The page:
When treating a patient with Chiari related syringomyelia by posterior fossa decompression, it is important for the neurosurgeon to open the dura and the arachnoid and evaluate the outlet of the fourth ventricle which drains CSF into the cisterna magna. The outlet called the foramen of Magendie after its discoverer is also known as the median aperture. Approximately 1 of 10 persons with Chiari/syringomyelia has a veil over the median aperture blocking or restricting CSF flow. Clearing the obstruction by microsurgically opening the veil facilitates syrinx decompression and helps avoid revision surgery.
In the December 2014 issue of the Journal of Neurosurgery, S. Grossaur of the Department of Neurosurgery, General Hospital of Klagenfurt, in Austria, and colleagues Koeck K, Vince GH published a report documenting significant improvement in the somatosensory evoked potentials (SSEPs) following the opening of an obstructed foramen of Mangendie. The authors describe the
case of a 32-year-old woman who underwent surgery for CM associated with extensive cervicothoracic syringomyelia and whose intraoperative somatosensory evoked potentials (SSEPs) did not notably improve after craniotomy or following durotomy; rather, they only improved after opening of the fourth ventricle and restoration of CSF flow through the foramen of Magendie. Postoperatively, the patient recovered completely from her preoperative neurological deficits. To the authors' knowledge, this is the first report of significant SSEP recovery after opening the fourth ventricle in the decompression of a CM-I.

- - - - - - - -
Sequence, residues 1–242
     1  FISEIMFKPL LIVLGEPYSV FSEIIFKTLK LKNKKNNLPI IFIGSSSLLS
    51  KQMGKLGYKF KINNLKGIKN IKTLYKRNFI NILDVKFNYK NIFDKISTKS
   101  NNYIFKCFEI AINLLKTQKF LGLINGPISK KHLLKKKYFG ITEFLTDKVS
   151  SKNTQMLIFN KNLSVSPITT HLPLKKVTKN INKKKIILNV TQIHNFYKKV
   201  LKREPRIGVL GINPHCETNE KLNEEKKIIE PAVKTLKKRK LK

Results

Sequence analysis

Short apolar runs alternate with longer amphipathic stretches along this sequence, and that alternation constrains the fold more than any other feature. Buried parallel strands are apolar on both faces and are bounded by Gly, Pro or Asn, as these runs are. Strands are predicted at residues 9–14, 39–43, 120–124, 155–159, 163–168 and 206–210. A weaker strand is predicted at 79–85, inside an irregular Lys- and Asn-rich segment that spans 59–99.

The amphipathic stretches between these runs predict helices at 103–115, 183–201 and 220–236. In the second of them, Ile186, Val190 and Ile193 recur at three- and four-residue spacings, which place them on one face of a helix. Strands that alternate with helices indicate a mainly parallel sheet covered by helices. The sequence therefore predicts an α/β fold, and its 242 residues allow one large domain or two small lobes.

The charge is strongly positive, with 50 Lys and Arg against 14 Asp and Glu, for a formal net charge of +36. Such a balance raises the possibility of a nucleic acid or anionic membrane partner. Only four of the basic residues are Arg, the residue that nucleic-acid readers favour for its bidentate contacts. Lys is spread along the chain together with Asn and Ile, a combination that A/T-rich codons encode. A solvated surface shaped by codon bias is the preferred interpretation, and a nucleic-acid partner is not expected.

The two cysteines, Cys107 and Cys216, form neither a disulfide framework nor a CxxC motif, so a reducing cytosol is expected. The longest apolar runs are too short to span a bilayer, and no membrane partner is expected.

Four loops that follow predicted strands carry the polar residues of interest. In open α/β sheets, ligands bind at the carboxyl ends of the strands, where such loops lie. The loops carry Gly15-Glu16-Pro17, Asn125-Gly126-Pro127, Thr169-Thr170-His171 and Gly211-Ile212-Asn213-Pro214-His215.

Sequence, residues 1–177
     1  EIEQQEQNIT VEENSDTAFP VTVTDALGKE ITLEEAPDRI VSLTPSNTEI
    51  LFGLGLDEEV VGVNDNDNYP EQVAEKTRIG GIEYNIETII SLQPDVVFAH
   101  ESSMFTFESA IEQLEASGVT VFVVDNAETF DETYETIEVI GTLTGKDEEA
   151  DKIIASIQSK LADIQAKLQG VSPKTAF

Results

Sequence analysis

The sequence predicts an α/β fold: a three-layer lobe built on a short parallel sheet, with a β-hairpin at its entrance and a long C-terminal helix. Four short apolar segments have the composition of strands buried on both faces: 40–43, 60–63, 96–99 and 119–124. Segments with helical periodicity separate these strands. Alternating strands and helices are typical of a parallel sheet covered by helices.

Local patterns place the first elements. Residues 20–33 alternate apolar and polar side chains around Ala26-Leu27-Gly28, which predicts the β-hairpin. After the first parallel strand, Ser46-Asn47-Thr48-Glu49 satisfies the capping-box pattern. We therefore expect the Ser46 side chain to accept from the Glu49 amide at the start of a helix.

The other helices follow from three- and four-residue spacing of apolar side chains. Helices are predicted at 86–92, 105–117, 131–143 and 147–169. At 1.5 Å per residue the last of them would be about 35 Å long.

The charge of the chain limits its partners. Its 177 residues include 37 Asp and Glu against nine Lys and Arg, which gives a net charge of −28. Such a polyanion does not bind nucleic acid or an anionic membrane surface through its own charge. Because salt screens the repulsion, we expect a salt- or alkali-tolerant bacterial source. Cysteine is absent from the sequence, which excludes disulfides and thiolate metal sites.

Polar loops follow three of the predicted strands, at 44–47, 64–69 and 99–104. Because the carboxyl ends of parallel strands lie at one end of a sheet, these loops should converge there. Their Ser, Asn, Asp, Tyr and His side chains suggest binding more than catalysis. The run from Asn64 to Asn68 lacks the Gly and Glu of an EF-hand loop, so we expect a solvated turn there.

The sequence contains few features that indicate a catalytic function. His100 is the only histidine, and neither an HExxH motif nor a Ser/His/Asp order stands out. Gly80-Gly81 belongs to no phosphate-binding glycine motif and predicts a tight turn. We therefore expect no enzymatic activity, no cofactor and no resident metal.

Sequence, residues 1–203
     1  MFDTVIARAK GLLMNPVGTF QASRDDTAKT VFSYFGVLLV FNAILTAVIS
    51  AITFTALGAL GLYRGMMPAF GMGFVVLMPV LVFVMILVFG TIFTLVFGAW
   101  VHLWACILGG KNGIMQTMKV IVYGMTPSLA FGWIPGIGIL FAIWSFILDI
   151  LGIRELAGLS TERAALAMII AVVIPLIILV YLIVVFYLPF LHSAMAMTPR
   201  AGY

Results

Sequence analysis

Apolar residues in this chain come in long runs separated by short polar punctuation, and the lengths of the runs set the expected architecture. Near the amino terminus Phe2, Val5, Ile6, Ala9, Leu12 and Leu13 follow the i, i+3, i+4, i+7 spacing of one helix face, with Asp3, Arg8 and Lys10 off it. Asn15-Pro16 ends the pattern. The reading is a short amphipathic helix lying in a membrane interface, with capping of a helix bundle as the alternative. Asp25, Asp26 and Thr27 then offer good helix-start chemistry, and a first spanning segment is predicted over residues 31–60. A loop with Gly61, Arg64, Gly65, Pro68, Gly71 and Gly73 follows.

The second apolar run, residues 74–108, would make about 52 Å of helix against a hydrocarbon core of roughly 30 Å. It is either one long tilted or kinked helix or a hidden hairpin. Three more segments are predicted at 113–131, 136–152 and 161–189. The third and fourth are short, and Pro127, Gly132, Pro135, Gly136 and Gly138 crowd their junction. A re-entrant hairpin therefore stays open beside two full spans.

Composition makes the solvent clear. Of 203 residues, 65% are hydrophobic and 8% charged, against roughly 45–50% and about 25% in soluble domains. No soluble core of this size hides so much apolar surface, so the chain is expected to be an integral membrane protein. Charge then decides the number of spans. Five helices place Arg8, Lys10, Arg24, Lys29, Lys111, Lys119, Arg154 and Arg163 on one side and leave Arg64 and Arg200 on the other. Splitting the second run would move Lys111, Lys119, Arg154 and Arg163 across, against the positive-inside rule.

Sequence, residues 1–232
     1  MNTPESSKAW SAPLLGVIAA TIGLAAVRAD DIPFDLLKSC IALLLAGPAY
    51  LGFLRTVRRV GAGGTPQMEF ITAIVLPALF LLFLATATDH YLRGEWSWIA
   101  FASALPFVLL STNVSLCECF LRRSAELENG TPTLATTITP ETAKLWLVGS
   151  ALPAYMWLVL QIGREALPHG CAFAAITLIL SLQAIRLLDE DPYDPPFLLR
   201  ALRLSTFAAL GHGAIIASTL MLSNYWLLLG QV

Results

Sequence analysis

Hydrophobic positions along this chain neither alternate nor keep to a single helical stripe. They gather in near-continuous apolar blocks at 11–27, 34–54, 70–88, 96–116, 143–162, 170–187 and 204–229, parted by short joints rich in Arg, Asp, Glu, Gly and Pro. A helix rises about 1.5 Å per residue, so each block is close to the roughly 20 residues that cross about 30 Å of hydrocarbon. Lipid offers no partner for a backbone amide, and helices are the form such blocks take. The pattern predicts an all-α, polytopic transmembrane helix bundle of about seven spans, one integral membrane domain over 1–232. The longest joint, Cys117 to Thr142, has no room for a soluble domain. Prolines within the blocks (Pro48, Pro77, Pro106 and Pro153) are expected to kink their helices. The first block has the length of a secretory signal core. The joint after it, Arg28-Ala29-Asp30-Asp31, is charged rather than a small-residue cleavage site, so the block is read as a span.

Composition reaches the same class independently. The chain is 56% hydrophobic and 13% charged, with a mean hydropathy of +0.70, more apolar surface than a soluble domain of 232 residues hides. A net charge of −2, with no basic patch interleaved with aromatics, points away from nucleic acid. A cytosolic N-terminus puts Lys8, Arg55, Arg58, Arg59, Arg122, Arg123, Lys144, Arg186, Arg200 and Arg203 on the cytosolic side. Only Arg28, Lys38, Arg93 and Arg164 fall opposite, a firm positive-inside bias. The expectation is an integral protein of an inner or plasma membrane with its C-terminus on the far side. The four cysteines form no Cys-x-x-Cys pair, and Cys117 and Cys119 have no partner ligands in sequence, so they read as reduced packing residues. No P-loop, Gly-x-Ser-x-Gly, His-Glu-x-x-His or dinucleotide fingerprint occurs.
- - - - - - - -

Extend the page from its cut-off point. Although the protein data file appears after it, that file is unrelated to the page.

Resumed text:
When evaluating patients referred for persistent syringomyelia following posterior fossa decompression, who on MRI studies appear to have an adequate decompression, a careful review of the operative note should be performed to determine if the dura and arachnoid where opened during the initial procedure. If the dura or arachnoid had not been opened, the revision surgeon should consider exploration of the posterior fossa and examination for a possible median aperture veil (retained rhombic roof) as the preferred treatment strategy instead of placement of a syrinx stent or shunt.
John Oró, MD
January 2, 2015